I’m not sure any of you noticed, but the sky was swarming with humper flies this weekend. As James Joyce would have put it, “humper flies were general across Texas”. As I slaved in the driveway crafting new bamboo treads for my staircase, endless multitudes of humper fly pairs drifted about me in their droves, stuck together at the rear, gloating that they alone were free to copulate in broad daylight, while I had work to do. The teeming masses threatened to infiltrate my eyes and lungs along with the sawdust I was making, which did little to endear them to me. I took the occasional swipe at the slow-moving dyads out of spite, and gleefully watched them become separated, mid-reverie, and crawl about stupidly on the concrete in their broken euphoria.
A good marketer knows how to nudge. Nudging works on everyone, but it’s especially effective on millennials whose brains are trained to filter the more obvious tactics that work on impressionable baby boomers. Let me explain. When a millennial sees “75% off” they know you just quadrupled the price and slapped a SALE sticker on there, but a baby boomer gets a little dopamine kick and starts musing on all the money they’re about to save on something they weren’t even planning on buying thirty seconds ago.
When I first started getting rich, Dun & Bradstreet, the commercial data peddlers, got wind of my upward trajectory, and sold my contact information to a whole bunch of people. Those people were boiler room callers, telemarketers with six and seven-figure salaries, who utilize high-pressure sales tactics to separate you from tens of thousands of your dollars in the name of “exciting investment opportunities”, ranging from stocks to oil wells to B movies. To see what kind of yahoos have been calling me, watch this little clip from The Boiler Room.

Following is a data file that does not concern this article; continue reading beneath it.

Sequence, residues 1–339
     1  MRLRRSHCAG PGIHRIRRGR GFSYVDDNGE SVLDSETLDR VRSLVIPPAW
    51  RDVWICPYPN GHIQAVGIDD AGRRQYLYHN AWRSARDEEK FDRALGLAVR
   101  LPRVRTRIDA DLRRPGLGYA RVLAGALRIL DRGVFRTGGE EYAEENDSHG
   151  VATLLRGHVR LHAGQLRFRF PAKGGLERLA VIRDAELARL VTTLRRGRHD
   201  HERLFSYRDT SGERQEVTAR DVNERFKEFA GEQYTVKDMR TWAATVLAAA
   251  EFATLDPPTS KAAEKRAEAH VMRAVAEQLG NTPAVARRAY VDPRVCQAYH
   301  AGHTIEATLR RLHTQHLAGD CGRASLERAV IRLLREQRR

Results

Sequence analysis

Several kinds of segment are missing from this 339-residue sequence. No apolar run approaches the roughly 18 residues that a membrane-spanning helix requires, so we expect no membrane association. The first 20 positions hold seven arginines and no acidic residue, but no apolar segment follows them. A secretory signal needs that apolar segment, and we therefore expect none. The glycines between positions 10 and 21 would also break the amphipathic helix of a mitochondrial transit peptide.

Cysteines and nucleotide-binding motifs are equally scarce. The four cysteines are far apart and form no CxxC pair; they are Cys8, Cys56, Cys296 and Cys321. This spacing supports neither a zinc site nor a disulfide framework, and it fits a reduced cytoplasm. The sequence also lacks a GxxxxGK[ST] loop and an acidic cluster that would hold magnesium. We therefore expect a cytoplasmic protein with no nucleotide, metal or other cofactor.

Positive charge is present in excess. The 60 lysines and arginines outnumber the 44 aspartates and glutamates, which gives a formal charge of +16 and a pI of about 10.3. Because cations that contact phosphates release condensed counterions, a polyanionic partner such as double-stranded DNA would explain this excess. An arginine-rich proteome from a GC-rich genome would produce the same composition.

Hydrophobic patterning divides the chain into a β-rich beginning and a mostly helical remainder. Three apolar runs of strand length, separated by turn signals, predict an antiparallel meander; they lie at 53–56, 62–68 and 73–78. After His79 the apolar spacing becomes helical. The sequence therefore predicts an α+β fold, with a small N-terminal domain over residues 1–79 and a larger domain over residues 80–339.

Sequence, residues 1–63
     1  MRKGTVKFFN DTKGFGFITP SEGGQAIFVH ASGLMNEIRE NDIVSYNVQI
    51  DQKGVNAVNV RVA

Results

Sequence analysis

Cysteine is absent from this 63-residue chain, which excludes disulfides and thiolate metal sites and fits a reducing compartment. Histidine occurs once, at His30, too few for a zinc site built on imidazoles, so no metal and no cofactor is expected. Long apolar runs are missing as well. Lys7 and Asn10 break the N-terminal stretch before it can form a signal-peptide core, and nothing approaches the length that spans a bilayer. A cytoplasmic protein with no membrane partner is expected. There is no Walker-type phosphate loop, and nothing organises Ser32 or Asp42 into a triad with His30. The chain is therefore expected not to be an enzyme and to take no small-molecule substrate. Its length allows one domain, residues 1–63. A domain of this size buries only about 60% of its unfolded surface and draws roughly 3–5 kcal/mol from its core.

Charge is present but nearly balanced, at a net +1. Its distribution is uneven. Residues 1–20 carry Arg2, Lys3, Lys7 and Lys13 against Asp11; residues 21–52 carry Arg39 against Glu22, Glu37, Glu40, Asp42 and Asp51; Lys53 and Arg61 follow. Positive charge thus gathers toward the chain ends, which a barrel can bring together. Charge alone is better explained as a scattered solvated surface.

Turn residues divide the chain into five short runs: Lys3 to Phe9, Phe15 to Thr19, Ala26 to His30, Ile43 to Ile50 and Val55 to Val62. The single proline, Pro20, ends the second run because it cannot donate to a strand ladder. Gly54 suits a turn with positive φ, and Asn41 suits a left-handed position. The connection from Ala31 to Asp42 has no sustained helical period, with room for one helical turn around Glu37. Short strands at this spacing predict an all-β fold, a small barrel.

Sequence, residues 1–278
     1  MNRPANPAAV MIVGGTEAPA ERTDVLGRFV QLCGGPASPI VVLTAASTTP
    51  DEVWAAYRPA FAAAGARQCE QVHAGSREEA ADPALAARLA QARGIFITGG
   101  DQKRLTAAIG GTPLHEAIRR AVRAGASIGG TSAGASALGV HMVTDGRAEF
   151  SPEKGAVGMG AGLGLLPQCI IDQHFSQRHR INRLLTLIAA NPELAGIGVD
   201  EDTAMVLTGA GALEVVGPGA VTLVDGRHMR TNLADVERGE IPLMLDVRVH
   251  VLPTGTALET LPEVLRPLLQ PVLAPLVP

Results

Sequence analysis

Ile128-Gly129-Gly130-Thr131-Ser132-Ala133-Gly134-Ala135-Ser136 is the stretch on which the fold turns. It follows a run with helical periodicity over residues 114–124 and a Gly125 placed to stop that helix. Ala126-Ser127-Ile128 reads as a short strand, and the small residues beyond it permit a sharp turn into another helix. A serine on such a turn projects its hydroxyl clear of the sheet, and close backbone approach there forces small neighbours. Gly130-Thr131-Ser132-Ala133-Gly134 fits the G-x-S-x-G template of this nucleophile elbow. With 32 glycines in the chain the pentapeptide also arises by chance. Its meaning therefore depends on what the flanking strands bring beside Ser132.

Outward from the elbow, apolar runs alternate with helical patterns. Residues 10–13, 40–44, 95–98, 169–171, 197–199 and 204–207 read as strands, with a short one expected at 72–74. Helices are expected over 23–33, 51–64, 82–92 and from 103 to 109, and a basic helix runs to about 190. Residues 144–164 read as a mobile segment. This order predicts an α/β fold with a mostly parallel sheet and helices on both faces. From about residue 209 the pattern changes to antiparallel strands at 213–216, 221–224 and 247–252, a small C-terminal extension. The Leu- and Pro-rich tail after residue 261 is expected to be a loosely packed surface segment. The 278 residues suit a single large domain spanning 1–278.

I was headed home on the freeway this afternoon. It’s the time of year when the days are getting longer, so lately it’s felt like I’ve been leaving work earlier every day. This put me in a good mood. As I descended the off-ramp to the feeder, I barely noticed a large, pale top-heavy man with a round face, dressed like he worked at the AT&T store, standing on the right edge of the feeder some paces from a Chevy HHR. He was gesticulating wildly with his arm, so naturally, I assumed he needed some help and wasn’t getting any. I and all my fellow commuters were heading west, directly into the sun–maybe obscured visibility was why nobody else was stopping.
Every so often, less than once in a generation, an innovation comes along that is so revolutionary that it catalyzes a titanic shift in the way humans live and interact. In spite of the disruption they cause, these innovations have traditionally been given some pretty sedate names: fire, bow and arrow, the arch, the steam engine, the airplane, the semiconductor. One of the greatest leaps forward in the history of mankind deserved to be called “the Gutenberg-this-will-change-the-world-as-we-know-it-forever press”, but those were simpler times.